The Cohorts are followed throughout their lives, gathering lifelong information about their health: these data will help researchers to dissect the complex causes of common disease, whether genetic or environmental. The current study might indicate genetic variants that influence early development of disease, informing public health measures.
Unlike case-control studies, which make genomic comparisons of apparently healthy people with patients with a specific condition, cohort studies provide long-term information across a population.
"The power of studies such as ours lies in their ability to examine these traits for early life events, to reflect the genetic make-up of the wider population and to investigate the relationship between genetic variation and environment over time," says Professor Leena Peltonen, Head of Human Genetics at the Wellcome Trust Sanger Institute and a senior author of the paper. "Our study indicates that the environment accounts for around 30% or less of the consequences of the traits. Clearly we have to increase our efforts to understand the genetic factors involved."
The population study looked at a cohort of people born in northern Finland in 1966: the environmental exposure and genetic background of this population is relatively homogeneous and, because the sample includes almost all people born in that year, it reflects the overall composition of the population.
The team looked at more than 360,000 genetic variants in almost 5000 people. These samples were typed to uncover variants associated with levels of triglycerides, high density lipoprotein, low density lipoprotein, glucose, insulin, C-reactive protein, as well as body mass index and blood pressure. Eight 'environmental' factors, including alcohol use, smoking and birth weight, were also included in the analysis.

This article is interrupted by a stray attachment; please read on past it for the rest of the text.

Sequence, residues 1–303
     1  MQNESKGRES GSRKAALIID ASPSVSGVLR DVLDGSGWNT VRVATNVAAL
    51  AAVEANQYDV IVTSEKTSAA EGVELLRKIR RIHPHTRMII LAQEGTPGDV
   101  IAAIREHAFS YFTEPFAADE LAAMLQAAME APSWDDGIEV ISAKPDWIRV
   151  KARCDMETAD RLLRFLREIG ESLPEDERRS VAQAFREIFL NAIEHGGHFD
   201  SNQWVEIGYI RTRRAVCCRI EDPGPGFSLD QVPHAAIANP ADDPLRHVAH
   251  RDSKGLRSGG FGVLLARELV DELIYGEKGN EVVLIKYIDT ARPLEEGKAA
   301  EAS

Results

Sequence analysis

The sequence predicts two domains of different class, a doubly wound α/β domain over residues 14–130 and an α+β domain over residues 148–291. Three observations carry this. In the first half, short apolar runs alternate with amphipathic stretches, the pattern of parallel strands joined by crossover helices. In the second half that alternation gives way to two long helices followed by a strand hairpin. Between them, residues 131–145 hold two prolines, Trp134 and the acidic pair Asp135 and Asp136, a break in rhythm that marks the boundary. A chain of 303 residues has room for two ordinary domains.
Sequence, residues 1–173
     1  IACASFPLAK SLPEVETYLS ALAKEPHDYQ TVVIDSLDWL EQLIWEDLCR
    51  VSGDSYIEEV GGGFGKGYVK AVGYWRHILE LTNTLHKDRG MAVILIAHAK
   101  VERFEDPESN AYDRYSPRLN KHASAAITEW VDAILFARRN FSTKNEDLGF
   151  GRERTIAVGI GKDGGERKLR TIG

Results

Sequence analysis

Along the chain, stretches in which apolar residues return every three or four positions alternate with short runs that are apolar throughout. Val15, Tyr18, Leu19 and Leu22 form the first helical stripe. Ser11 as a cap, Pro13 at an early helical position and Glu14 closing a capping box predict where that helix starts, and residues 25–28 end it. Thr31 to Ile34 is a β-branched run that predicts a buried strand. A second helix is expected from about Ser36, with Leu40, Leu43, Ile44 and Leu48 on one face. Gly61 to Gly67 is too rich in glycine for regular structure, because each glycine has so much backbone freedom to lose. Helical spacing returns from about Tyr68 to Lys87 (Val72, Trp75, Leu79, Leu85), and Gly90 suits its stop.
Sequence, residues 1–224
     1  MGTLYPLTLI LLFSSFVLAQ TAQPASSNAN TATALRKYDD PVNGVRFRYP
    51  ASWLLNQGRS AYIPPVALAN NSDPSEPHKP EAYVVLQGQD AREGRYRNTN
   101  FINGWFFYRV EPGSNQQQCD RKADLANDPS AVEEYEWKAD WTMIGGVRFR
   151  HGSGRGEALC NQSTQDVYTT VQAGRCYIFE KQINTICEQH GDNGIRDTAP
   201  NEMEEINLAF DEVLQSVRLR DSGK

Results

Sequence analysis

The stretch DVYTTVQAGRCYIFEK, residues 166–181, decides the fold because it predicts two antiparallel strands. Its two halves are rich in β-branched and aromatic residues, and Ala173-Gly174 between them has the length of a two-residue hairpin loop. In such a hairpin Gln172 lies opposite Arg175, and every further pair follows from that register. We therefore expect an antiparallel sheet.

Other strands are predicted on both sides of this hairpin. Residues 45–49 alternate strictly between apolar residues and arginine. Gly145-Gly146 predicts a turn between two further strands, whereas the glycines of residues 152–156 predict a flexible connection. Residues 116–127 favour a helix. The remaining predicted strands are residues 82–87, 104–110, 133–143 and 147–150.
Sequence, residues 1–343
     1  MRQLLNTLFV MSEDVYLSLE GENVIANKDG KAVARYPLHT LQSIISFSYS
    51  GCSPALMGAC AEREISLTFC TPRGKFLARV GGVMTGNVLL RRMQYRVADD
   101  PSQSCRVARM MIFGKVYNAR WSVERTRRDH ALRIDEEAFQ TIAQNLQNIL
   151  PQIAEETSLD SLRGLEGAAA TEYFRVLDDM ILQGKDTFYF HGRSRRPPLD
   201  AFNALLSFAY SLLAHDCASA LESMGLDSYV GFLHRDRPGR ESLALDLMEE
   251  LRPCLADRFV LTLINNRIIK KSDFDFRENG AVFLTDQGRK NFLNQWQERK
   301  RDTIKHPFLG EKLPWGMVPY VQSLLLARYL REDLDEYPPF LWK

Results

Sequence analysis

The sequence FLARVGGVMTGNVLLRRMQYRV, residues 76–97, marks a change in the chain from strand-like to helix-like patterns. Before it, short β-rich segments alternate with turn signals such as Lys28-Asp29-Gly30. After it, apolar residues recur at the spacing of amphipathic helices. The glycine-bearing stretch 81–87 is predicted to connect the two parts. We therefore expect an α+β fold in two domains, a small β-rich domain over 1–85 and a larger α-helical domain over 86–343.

"We found 23 regions of the genome associated with these traits," says Professor Nelson Freimer, University of California, Los Angeles, the other senior author. "We were delighted that our study identified 14 that had been described before: it is essential that a study such as this picks up the known variants.
"More important, we found nine novel variants: in five of these cases, our knowledge of the role of the gene suggests they are good candidates for important variants."
The research differs from prior investigations in power and study design, which might explain its ability to identify nine previously unknown loci. Five of these associations - HDL with NR1H3 (LXRA), LDL with AR and FADS1/FADS2, glucose with MTNR1B, and insulin with PANK1 - implicate genes with known or postulated roles in metabolism, and are good candidates for further study of the biological role they might play in these conditions.
The comprehensive cohort study also allowed the team adjust for the additional data such as environmental influences and body mass index. Three regions were associated with LDL or insulin when the population was divided into normal or elevated body mass index.
"Our population sample allows us to look at gene-environment interactions," explains Professor Chiara Sabatti, University of California, Los Angeles, a co-author of the paper, "but we need to examine larger populations in order to validate these. We are only starting to have a glimpse of how the power of modern genetics can work with population data to uncover genes that will be able to help clinical and public health work in the future. We still have many challenges ahead."
Although genetic influences are thought to account for at least half of the variation in each of the traits, the current results explain perhaps one-tenth of that. There remains much more to be discovered.
Work underway, such as The 1000 Genomes Project and wider population studies, will help to determine whether the additional genetic effects lie in many common variants with relatively small effect or in rare variants with a larger effect.